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Iraq and Afghanistan: the US Grand Strategy and Grand Failures

 
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10/29/2014 04:47 AM
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Iraq and Afghanistan: the US Grand Strategy and Grand Failures
Iraq and Afghanistan: the US Grand Strategy and Grand Failures

The success of the ISIS or ISIL in Syria and Iraq against the Iraqi military forces and the success of the Taliban in Afghanistan against Afghan forces apparently look two different cases; however, they have something in common which glaringly shows grand failure of the US’ twenty-first century grand strategy. As a part of its grand strategy, the US aimed at first destroying the local forces (Saddam’s army in Iraq and the Taliban in Afghanistan) and replacing that army with the one directly recruited, trained and equipped by the US army.

This was supposed to be the linchpin of the US’ policy of dominating the energy rich Middle East and the Central Asia. However, certain developments during the past few months or so have clearly established that not only have the US failed in establishing ‘capable’ armies but also have lost the credibility of its slogan of bringing ‘democracy’ and ‘peace’ by overthrowing ‘autocratic’ regimes. The fact that chaos has followed and is going to follow the US’ withdrawal from Iraq and Afghanistan respectively proves the hollowness of the US’ grand claims.

Not only this; the miserable failure of the both Iraq and Afghan army also shows the corruption within the US army as well. The forces’ inability to effectively counter the attacking forces poses a direct question to the huge amount of money spent on their training to make them into such forces as capable enough to replace the coalition forces in both countries. As a matter of fact, the US spent around $30 billion dollars on training the Iraqi army alone; however, this US trained army turned out to be nothing more than a fleeing prey when it had to confront the ISIS. When the ISIS entered Iraq a few months, they numbered only 1000. But this group of a thousand, largely out-numbered and out-equipped as compared to the Iraqi army, was able to force them to flee for their lives, leaving behind a whole lot of foreign provided equipments and other valuable hardware.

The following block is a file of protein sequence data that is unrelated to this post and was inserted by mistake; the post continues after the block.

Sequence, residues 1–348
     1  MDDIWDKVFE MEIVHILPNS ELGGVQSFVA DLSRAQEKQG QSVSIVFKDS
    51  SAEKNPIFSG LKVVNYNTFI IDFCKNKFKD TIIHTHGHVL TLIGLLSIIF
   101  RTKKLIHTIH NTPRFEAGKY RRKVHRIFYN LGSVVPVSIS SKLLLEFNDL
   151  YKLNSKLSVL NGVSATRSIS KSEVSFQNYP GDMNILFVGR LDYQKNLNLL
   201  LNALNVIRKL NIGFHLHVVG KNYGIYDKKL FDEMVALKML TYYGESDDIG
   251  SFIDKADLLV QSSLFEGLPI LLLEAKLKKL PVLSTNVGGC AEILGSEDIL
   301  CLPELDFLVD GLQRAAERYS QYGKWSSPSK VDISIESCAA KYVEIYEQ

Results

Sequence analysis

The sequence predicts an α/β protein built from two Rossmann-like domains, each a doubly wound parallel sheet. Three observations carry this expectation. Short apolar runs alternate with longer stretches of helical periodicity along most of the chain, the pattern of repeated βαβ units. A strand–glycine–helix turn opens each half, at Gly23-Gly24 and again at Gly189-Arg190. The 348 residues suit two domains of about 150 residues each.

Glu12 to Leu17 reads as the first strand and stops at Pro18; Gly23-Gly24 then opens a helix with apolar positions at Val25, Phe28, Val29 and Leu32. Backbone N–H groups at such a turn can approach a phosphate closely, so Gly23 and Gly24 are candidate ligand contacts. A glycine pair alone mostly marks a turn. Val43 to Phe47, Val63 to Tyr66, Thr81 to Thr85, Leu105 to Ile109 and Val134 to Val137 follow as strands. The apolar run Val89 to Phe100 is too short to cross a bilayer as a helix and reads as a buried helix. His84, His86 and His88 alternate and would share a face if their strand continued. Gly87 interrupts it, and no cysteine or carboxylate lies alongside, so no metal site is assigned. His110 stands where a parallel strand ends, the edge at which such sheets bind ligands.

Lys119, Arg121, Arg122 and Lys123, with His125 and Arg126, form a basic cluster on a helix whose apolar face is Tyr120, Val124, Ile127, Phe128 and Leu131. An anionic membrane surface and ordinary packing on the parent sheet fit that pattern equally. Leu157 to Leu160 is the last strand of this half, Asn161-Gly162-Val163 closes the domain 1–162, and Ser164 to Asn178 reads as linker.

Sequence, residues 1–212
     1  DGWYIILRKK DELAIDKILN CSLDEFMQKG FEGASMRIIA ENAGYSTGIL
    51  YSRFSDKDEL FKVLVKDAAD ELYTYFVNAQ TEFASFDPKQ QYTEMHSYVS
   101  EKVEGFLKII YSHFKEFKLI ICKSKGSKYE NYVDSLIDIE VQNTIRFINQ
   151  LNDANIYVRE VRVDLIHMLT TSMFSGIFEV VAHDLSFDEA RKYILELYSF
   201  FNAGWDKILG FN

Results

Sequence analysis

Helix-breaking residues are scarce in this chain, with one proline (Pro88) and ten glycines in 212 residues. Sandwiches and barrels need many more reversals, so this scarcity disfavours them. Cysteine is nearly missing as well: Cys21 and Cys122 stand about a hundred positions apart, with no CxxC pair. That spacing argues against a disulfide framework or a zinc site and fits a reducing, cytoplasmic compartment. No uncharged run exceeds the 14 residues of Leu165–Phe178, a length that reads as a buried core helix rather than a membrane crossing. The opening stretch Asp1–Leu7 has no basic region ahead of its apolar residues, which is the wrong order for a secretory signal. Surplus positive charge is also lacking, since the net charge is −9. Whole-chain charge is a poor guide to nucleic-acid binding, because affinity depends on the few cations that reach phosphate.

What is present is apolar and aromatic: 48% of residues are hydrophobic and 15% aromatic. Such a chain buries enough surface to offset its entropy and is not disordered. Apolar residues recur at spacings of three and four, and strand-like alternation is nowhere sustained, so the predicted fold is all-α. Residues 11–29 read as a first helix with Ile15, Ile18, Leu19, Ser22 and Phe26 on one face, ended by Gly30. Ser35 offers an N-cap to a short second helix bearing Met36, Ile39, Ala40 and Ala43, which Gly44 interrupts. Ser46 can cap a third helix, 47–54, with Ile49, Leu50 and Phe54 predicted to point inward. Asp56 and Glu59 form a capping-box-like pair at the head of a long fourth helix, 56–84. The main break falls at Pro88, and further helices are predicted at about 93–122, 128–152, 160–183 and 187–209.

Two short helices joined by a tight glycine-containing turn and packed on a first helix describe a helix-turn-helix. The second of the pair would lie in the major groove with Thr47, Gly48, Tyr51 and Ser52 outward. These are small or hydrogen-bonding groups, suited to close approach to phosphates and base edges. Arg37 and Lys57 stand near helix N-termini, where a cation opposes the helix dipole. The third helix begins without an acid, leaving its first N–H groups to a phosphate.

This being the case-scenario, one has to question not only the Western media’s credibility because of its gross failure in probing or even highlighting this issue, but also the often-repeated assumption that the US must never have pulled out its troops from Iraq. Similarly, the Western claim that the ISIS does not have so much following and that it also does not have air support ironically puts a question on the ability of the Iraqi forces to fight such a force as the ISIS, having no “air power” or huge following. The ability of the US army, in this behalf, to establish such armies is thus a matter of huge concern for countries who expect their help in their quest to modernize their own national armies.

Issues like corruption in the US army have further spoiled the success of the US’ grand strategy. Some investigative reports have come up with stories of massive corruption. For instance, according to one of such reports quoted by Al-Jazeera English, electric plugs valued at $900 each for the US troops there when their real price was something like $5 and short piping costing $1.5 went for almost $80. It has also been reported that the Pentagon channeled contracts for the Iraqi army through companies which did not leave any paper work behind regarding these contracts, thus left an open space for themselves and the Pentagon to fill in gaps as per their designs.

The most significant question that we must raise here now is: what would be the future of the Afghan national force which has been trained and equipped, like the Iraqi army, by the US army? Now that the US and NATO forces are going to withdraw from Afghanistan by the end of this year, leaving Afghan national forces in charge of the “war on terror” against the Taliban, one must not be led to believe that “peace” is necessarily going to follow this withdrawal. The case and position of the Afghan national army is not qualitatively much different from the Iraqi army. Stories of desertion, corruption and killings of the US/NATO soldiers by the Afghan soldiers have already made headlines in the media. Not only this; stories of the failure of the Afghan national forces in containing the Taliban continue to make headlines, casting some serious doubts on their ability to handle the post-withdrawal scenario.

Continue to read: [link to journal-neo.org]





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